Trans Am revs rock's engines 

Trans Am, with Seely, Go Lounge, March 31, 1998

Trans Am has no trouble shifting gears between the prefixes attached to rock. Kraut, arena, progressive, space, electro and noise-rock influences can all be found in their highly charged instrumental music. With hints of the early robotics of Kraftwerk and the cock-rock posturing of Led Zeppelin as well as the synth-pop of The Cars, Trans Am swerves into all lanes. The band -- bassist/keyboardist Nathan Means, drummer Sebastian Thomson and guitarist/keyboardist Philip Manley -- has assembled an eclectic collection of parts into their musical vehicle, producing a roaring, sleek and cohesive machine.

"The Surveillance" -- their third full-length outing on Thrill Jockey Records -- finds Trans Am without longtime engineer John McEntire. Instead, they built their own studio, which they christened "The Bridge," and recorded and mixed the new album themselves. Means feels that the band's newfound control over the recording process resulted in a unique sound. "We wanted to get more of a live sound on some of the more rock songs," he explains. The result was a raw, expansive sound that frames the analog synths, drum machines, live drums, basses and noisy guitars in an authentically acoustic setting.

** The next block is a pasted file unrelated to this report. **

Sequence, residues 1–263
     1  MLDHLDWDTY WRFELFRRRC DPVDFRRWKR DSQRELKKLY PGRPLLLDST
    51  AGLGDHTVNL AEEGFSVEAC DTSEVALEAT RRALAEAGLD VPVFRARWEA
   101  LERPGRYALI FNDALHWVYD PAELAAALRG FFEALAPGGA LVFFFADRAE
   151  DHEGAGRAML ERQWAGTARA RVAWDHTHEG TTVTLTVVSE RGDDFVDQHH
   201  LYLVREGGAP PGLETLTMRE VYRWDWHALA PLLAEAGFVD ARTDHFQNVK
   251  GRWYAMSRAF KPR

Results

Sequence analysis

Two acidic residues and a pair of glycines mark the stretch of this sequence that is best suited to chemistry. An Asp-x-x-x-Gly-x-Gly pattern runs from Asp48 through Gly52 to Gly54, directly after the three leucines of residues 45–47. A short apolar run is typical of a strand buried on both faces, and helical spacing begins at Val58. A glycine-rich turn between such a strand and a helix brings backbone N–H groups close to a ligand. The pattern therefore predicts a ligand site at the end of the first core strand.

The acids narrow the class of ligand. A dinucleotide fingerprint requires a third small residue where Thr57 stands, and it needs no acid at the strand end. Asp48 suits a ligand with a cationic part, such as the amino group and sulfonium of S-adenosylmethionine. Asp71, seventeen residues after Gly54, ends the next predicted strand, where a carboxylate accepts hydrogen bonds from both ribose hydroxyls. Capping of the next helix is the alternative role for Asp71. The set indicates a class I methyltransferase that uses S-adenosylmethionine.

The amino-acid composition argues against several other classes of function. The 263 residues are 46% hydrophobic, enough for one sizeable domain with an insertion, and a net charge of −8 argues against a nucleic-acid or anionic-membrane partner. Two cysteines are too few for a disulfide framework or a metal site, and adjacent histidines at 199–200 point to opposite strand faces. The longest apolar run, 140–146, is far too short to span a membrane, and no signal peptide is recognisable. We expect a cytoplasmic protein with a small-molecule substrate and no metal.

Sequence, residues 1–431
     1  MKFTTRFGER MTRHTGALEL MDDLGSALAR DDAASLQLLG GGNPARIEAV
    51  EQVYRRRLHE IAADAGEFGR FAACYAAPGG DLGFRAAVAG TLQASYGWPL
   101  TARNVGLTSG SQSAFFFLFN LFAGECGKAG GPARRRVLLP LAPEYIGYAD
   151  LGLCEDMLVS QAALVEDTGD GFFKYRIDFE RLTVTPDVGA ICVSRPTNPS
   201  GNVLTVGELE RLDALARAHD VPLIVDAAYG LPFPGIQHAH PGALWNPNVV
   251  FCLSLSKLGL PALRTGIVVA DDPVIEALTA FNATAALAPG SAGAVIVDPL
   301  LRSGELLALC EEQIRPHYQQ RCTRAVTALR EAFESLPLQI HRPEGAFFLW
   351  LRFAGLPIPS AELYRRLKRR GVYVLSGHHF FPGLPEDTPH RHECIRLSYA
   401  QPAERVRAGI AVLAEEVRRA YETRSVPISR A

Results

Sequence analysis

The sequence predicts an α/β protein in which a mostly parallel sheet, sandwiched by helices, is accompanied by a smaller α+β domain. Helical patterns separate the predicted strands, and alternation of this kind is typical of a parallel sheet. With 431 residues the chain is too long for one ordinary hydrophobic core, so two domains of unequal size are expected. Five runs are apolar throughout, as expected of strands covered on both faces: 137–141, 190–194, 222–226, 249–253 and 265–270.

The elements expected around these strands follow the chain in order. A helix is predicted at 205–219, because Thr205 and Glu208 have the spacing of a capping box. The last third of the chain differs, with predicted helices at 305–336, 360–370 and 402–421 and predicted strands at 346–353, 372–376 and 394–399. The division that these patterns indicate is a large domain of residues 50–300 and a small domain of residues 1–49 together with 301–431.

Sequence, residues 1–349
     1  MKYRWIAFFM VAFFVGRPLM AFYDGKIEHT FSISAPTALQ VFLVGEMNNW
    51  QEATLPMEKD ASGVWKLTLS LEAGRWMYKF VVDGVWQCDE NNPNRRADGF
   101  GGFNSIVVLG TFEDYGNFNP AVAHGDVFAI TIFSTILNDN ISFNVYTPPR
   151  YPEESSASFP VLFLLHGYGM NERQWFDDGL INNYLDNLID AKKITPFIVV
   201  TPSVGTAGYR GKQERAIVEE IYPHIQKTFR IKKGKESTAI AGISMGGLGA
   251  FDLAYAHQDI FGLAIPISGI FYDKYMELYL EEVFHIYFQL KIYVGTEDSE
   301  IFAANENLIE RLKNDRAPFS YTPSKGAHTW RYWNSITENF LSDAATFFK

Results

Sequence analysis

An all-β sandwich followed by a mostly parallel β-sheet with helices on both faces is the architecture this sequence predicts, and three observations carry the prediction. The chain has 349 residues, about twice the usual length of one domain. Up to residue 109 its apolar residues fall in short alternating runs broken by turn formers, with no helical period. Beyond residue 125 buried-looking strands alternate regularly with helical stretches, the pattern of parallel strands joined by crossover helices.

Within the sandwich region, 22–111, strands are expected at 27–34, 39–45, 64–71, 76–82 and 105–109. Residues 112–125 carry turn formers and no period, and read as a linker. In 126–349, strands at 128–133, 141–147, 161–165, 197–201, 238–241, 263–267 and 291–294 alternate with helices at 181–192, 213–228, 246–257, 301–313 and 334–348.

Sequestering themselves in their studio may also have led to Trans Am unconsciously producing a thematic album about the way Americans have flocked to gated communities to escape their fear of crime. Song titles like "Armed Response," "Access Control" and "Home Security," reflect society's paranoia. "I think the whole climate `in society` is very, very repressive," says Means. While most of the new songs were conceived before the band went in to record them, after hearing the playbacks Trans Am felt the music suggested themes of surveillance and paranoia, and titled the album accordingly.

Currently residing in the Washington, D.C., area with the rest of the band, Means lived in Orlando during fourth and fifth grade when his father wrote for The Orlando Sentinel. He came back to town with Trans Am several years ago and was impressed with the enthusiastic response that the band recieved.

With this city's expanding appreciation of all things musical and the band's deep inventory of all things rock, Trans Am's upcoming performance will be more than just another pit stop.

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